1879 Pagosa Country: A powder keg waiting to explode

Photo courtesy John M. Motter Judd Hallett was one of the first Archuleta County sheriffs. He ranched on Mill Creek and later lived in Arizona.
Photo courtesy John M. Motter
Judd Hallett was one of the first Archuleta County sheriffs. He ranched on Mill Creek and later lived in Arizona.

Pagosa Country in 1879 was a powder keg waiting to explode.

The Southern Utes had been assigned a reservation, but were bitter and disillusioned with the white man who had broken treaty after treaty.

Even with the current treaty then in effect, the designated reservation boundaries were repeatedly violated by trespassing white men. Therefore, coming before the so-called Meeker Massacre, the following story in the July 3 La Plata Miner has special significance.

“A battle is going on between the whites and Indians on the La Plata (river) was the word that reached Pagosa last week, and your correspondent (name unknown) started at once for the scene of the action, determined to get at its bottom facts and send the story to the ends of the earth by this great religious daily. To a ‘tenderfoot,’ a ride of sixty miles in twelve hours over mountain roads would have been sufficient excuse for not starting for the seat of an Indian war, any old stager don’t mind distance, fatigue or danger when his friends are in peril.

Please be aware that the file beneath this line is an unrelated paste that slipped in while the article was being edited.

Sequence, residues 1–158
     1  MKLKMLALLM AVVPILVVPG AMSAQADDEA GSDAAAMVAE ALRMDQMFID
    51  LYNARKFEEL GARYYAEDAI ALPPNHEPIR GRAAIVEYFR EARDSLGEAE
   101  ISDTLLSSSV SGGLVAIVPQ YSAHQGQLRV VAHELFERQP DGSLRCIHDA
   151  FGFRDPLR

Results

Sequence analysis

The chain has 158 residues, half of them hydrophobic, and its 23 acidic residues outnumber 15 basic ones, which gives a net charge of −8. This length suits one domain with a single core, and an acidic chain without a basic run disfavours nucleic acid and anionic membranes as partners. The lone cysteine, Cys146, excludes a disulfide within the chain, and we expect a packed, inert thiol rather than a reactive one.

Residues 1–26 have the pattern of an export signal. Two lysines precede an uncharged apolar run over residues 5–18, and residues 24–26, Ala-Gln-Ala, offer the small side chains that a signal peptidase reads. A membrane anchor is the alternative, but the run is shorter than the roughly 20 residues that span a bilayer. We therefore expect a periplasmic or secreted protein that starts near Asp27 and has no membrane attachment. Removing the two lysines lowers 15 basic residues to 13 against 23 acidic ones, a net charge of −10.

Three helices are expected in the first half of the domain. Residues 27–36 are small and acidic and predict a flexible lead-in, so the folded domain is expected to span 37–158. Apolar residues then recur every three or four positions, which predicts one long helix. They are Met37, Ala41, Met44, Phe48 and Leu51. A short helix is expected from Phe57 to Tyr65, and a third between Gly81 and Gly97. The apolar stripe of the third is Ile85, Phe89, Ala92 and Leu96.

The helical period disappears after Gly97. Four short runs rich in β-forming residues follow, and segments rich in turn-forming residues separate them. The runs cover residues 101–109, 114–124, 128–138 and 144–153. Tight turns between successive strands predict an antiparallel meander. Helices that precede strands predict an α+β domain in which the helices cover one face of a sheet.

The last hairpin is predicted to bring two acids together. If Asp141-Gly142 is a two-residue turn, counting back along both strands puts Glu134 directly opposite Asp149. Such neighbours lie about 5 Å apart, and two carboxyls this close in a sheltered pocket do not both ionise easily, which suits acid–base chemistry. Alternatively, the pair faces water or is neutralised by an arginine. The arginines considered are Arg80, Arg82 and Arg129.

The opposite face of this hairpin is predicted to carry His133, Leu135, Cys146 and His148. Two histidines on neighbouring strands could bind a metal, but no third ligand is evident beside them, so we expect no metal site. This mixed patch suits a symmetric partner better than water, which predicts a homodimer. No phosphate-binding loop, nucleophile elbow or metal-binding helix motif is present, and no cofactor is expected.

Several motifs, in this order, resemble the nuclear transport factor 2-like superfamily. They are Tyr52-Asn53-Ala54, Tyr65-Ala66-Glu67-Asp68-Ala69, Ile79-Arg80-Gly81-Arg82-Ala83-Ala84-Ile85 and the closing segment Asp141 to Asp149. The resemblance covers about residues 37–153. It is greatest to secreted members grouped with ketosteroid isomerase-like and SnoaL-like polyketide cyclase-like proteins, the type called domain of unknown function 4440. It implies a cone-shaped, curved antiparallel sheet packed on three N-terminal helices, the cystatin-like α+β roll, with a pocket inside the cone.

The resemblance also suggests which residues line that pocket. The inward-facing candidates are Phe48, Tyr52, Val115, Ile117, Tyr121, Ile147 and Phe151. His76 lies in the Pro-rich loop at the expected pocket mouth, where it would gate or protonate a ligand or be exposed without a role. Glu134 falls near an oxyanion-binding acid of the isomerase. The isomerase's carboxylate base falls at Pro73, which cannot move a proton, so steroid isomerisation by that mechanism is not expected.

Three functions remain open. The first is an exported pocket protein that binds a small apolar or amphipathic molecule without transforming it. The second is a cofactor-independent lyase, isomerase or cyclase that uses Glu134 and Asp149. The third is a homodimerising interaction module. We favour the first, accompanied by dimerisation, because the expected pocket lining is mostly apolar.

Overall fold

“The road from Pagosa Springs to Animas City skirts along the spurs of the mountains a little north of the Reservation of the Southern Utes, and though ordinarily one feels safe in meeting the bands of Indians that are constantly on the road as in passing a load of white headed Kansas immigrants, the frequent appearance of dusky warriors mounted on fleet horses armed with the most approved pattern of long range rifles and painted in the most hideous style of Indian art, at a time when it is known that war is imminent is not very reassuring to a lonely traveler.

“Your correspondent knows many of the chiefs and head men of the tribes, and trusting to the friendship that they have always manifested for him, felt little danger of the apprehension of danger as he drove rapidly over the rough road, soon becoming entirely reassured as Indian after Indian accosted him with the Ute salutation, ‘Wano deis,’ (bueno dias) nodding pleasantly as they passed.

“Your correspondent soon became satisfied that no serious collision had taken place, and when he arrived at Pine River post office, twenty miles from this place (the story was sent from Animas City, Pine River refers to near the still unfounded Bayfield), he learned from the white people there that there had been a fight but that Col. Page, the agent of the reservation hurried to the scene of the action, and that peace and order had been restored and all was quiet along the line. The belligerents met in council with the agent from Animas and settled the difficulty.

“It appears that at the annual roundup of cattle for the purpose of branding the calves that was progressing on the La Plata, some of the cattlemen had indulged too freely in the use of whiskey and one or two of the more turbulent had become quite belligerent. Gathered around the corral were six of Red Jacket’s band, a sub-band of the Weminuches, one of the divisions of Southern Utes of whom Ignacio is the chief.”

Continued next week.